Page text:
The fact is the government collects a lot of revenue from VAT paid by tourists while providing very few services. Many tourists in a week or two week stay likely pay more Vat than a lot of locals over a whole year. That’s fine. VAT and hotel taxes is neutral in that you pay more when you spend more. 

The entry fee is regressive but perhaps that’s the whole point. It will hurt Mayalsia, Cambodia, Laos, Indonesia travelers the most.  

Technically tourist receipts are considered exports but tourist receipts pay VAT while goods exports do not collect VAT.

while in absolute terms the fee isn’t a lot, it shows just how tone deaf this government is about promoting tourism and how inept they are in implementation.

I personally doubt they are nearly as close to solving the implementation issues as they say. Also 4Q implementation seems awfully optimist as they haven’t even published the regulation which will take 90 days for effectiveness. 

In short it’s a poorly thought out tax with even poorer execution, making par for the course for this government. 

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Looks like some readers have given you a real bo**ocking over this article. Take it easy mate, Sunday's are supposed to be a holiday...ease up a bit.

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3 hours ago, Thaiger said:

UK
In July 2020 the Chancellor announced a series of initiatives to boost job creation in the context of the Covid-19 pandemic, including a temporary 5% Value Added Tax rate on most tourist and hospitality-related activities.

To me, that seems to give the impression it's a new tax of 5%, whereas it's a reduction from the standard national VAT rate of 20%.

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It is a bit misleading to compare a hotel tax with an entry or exit fee. In most countries hotel taxes apply to every tourist, foreign and domestic.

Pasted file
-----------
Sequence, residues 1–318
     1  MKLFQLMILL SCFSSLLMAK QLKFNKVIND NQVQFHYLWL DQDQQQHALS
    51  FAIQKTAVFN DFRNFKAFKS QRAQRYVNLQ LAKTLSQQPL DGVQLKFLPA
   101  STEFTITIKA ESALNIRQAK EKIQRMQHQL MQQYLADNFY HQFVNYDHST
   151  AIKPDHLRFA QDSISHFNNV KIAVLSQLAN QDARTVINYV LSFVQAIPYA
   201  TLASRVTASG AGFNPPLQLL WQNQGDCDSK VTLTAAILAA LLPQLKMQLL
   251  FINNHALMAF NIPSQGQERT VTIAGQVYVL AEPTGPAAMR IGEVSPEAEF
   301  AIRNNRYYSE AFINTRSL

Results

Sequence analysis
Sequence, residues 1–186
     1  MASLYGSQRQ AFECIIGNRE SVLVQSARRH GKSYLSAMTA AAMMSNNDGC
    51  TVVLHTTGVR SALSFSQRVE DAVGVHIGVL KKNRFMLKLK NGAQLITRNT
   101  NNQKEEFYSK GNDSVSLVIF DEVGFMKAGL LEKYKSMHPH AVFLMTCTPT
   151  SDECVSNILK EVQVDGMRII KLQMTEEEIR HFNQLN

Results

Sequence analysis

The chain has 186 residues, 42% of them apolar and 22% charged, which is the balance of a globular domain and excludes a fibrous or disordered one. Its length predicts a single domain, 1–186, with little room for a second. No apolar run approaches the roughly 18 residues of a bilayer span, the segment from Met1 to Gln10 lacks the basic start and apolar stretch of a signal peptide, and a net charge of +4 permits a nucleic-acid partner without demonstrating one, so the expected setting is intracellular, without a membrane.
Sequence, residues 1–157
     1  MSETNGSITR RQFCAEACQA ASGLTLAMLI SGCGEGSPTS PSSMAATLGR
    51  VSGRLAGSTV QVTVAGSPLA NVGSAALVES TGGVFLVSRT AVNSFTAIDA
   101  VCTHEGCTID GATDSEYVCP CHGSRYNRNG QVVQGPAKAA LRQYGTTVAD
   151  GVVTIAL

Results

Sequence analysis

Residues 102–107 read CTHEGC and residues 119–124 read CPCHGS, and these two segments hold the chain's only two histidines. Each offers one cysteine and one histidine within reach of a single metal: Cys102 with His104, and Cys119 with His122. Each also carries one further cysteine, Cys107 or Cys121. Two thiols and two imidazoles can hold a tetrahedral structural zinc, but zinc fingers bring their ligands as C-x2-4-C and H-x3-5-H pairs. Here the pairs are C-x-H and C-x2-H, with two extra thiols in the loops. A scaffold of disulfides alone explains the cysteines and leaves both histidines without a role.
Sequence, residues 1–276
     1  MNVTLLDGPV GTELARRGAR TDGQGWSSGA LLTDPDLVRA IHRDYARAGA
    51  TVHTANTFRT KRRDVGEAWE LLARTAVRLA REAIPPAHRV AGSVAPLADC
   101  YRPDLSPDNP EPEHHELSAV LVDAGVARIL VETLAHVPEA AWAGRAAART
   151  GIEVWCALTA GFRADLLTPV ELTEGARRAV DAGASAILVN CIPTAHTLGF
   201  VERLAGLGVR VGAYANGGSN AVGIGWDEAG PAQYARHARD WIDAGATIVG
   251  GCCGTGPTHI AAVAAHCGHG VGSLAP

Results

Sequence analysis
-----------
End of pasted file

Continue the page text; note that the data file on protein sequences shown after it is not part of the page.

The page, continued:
The Thai entry fee is only like 10 US$, no big deal. But the destination of that money is vague, and changing every month. Which might annoy people.

There are countries where you actually have to pay a cash entry fee at the airport. Nicaragua is one of them, foreigners pay 20 US$ at immigration. They also have dual pricing for tourist attractions. I didnt care since for a foreigner it was still very cheap. Vietnam used to have something similar, dunno if they still have it. For Cape Verde you need a 30 US$ entry visa. Which of course is just an entry fee for foreigners in disguise.

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I don't really care about this tax. I already get health insurance when I travel and , happily have never benefited from it yet. Just happy to be able to get back to Thailand soon.

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5 hours ago, Pinetree said:

The UK, all of Europe and the US all have Passenger Duty Tax on airline tickets, which is in effect a tourist tax. So much unnecessary  heat being generated by a trivial subject. 

I suppose you mean an airport tax, which every airport asks per passenger, even if in transit and not entering the country.
But that tax is for everybody, whatever nationality, and covers the airport 's expenses.
That is why cheap airlines like Ryan air fly to airports not close to the major cities, as the taxes are lower.

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1 hour ago, Alavan said: